-Z- (Z@Gundam.Com)
Sun, 10 Oct 1999 16:33:04 -0700


At 03:12 10/10/1999 -0400, you wrote:
>In a message dated 10/9/99 4:09:58 PM Mountain Daylight Time, Z@Gundam.Com
>writes:
>
>> Sometimes there's a problem even in the same country. The Air Force is the
>> only American service that awards NCO status to the E-4 paygrade, which it
>> separates into two ranks, Senior Airman (enlisted) and Sergeant (NCO).
>
>Not true. The Army still has Corporals and Specialists, which are both pay
>grade E-4, but Corporals are NCO's while Specialists aren't.

My memory has played tricks on me again -- it was, after all, over 20 years
ago. The rank in contention was E-3, not E-4. This may have confused the
issue, so let me try to clarify it now.

Back in 1976, when this divisive issue came up, the Air Force ranking
system was as follows:

E-1 = Airman Second Class (A2C) later Airman (Amn)
E-2 = Airman First Class (A1C)
E-3 = Senior Airman (SrA)
E-4 = Sergeant (Sgt)

A2C was changed to Amn during the Vietnam era, with the morale-boosting
slogan: "No one in the USAF is second-class!"

The Air Force awarded NCO status to E-3 after a certain number of years in
grade and that's what created the problem. In all of the other services,
E-4 was the lowest NCO rank: Petty Officer Third Class in the Navy and
Corporal in the Army and Marines. E-3 was the highest enlisted rank:
Seaman in the Navy, Lance Corporal in the Marines and Private First Class
in the Army.

In 1976, I was a Senior Airman and the Army refused to recognize me as an
NCO, even though I had been serving as one for over a year in the Air
Force. From the Army's point of view, it was bad enough having to call
E-4s "Sergeant" and no way were they going to let E-3s into their NCO Club!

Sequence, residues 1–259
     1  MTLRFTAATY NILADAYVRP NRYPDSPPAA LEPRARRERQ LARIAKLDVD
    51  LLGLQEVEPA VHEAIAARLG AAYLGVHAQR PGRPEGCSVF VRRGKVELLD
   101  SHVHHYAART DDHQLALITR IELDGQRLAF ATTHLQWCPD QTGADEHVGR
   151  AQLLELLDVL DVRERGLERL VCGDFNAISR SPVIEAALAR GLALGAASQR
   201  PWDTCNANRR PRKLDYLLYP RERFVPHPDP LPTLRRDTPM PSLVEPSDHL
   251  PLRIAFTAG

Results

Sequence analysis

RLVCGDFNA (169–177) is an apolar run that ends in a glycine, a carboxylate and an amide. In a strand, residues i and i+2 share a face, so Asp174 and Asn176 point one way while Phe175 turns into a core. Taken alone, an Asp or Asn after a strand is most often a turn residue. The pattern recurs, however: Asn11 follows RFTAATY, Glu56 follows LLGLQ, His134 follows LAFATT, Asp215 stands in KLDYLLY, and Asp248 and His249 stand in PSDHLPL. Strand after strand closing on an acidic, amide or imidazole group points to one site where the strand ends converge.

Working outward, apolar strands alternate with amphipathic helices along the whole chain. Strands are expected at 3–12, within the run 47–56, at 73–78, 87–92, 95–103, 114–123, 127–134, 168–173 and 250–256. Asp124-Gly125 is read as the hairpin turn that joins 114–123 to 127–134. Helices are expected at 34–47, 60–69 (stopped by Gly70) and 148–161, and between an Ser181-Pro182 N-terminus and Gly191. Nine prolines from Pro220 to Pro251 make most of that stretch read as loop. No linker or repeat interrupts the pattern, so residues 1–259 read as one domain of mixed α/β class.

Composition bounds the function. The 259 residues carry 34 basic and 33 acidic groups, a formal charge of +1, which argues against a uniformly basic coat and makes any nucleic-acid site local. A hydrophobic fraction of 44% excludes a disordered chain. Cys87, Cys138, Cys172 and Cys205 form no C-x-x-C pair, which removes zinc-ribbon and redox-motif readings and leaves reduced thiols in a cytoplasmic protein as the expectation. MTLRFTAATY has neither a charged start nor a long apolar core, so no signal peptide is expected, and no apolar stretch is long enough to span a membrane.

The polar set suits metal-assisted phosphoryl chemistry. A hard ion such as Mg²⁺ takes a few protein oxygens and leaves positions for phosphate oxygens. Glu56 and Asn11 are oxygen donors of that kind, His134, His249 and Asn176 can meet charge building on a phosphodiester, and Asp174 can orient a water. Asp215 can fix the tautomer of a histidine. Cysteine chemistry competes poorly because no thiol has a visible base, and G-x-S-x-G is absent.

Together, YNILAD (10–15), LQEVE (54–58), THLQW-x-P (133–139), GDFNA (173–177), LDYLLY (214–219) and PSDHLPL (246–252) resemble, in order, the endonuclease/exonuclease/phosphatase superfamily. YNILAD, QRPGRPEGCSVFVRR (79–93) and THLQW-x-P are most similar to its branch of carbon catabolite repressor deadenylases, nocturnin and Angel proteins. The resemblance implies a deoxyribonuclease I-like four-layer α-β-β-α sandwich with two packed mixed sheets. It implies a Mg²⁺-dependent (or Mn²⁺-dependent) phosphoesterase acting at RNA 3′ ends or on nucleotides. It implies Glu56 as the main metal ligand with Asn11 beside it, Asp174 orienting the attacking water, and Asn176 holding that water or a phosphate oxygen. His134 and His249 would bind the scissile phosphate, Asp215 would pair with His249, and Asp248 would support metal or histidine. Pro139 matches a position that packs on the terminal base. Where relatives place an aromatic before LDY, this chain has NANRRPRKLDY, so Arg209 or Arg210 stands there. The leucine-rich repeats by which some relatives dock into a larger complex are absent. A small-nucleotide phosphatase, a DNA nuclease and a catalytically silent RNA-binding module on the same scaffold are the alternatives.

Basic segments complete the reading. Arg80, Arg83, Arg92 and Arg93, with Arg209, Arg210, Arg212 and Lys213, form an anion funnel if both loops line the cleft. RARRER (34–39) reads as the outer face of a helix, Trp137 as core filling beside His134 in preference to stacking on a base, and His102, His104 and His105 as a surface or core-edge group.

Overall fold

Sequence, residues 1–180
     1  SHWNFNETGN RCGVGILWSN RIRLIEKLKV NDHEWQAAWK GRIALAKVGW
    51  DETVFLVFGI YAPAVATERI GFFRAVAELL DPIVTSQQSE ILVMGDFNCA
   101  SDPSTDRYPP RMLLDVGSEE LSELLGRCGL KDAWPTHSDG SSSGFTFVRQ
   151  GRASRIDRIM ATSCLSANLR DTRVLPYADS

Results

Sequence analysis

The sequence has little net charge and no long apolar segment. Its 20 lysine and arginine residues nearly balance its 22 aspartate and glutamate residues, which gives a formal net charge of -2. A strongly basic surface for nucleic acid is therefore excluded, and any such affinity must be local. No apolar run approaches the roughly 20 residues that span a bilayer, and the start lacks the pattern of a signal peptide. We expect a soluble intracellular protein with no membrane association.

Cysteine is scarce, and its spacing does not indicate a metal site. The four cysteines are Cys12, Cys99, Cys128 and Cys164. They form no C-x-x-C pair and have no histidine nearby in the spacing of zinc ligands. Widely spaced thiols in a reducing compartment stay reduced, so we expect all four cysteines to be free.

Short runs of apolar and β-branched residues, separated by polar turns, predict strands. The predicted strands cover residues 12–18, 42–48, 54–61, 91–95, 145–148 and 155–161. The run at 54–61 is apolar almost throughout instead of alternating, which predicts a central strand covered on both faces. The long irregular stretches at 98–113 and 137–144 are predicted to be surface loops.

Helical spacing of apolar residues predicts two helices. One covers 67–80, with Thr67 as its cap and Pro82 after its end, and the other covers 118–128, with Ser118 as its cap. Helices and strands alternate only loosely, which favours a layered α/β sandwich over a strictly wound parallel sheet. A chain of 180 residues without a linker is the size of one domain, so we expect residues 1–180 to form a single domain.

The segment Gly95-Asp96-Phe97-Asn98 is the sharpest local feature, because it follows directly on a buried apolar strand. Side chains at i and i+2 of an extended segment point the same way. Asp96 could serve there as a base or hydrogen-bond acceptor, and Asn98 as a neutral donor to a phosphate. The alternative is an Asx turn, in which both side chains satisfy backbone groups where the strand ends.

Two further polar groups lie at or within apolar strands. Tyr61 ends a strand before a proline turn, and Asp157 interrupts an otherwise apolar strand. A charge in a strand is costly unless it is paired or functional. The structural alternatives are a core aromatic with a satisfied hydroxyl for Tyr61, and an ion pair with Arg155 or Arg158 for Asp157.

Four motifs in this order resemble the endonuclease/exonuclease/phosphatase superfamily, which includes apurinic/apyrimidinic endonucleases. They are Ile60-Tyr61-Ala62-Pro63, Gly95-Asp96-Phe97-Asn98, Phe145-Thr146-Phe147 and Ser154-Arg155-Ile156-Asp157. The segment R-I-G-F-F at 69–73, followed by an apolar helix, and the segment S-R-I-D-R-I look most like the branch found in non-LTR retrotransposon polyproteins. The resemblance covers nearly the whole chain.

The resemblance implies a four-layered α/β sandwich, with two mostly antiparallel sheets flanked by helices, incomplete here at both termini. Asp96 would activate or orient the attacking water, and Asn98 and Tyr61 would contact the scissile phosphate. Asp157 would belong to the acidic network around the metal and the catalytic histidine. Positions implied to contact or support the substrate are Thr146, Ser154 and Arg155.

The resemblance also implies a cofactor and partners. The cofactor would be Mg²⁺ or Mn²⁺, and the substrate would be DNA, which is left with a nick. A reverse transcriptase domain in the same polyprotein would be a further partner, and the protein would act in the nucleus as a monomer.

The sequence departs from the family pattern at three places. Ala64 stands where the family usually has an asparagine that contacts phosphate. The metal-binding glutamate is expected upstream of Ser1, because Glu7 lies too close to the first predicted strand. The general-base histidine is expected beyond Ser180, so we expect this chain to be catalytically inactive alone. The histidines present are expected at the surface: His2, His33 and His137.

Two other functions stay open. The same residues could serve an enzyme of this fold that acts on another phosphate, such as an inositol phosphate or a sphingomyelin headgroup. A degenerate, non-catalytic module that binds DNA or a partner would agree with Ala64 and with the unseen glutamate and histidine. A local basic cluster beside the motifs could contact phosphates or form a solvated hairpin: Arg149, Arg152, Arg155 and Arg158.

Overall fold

The problem was resolved in 1980 when the Air Force restructured its
ranking system as follows:

E-1 = Airman Basic (AB)
E-2 = Airman (Amn)
E-3 = Airman First Class (A1C)
E-4 = Senior Airman (Sra) -> Sergeant (Sgt)

The new Air Force E-4 rank followed the same pattern as the Army Corporal
and Specialist 4, except that rather than being a dual-track system of
Specialists and Non-Coms, the Air Force promoted to the Senior Airman as an
enlisted rank and only conferred Sergeancy upon certification, as by
completion of NCO Leadership School. By this time, I had made Staff
Sergeant (E-5) and was thus past caring, although I applauded to move as
one less bone of contention to fan the already heated flames of
interservice rivalry. It created quite a bit of controversy among those
below the pay grade of E-4, many of whom saw themselves as being demoted,
if only in name.

By the way, the Army used to have an entire Specialist career track, E-4
through E-6, for those who wished to pursue a technical carrer in the Army
without the burden of command responsiblity, requiring certification as an
NCO for those who wished to go further. This was eliminated in the late
70s ro early 80s, about the same time that the Air Force restructured, and
Spec 4 became to the Army what SrA is to the Air Force, a probationary
non-NCO slot in the same pay grade.

-Z-

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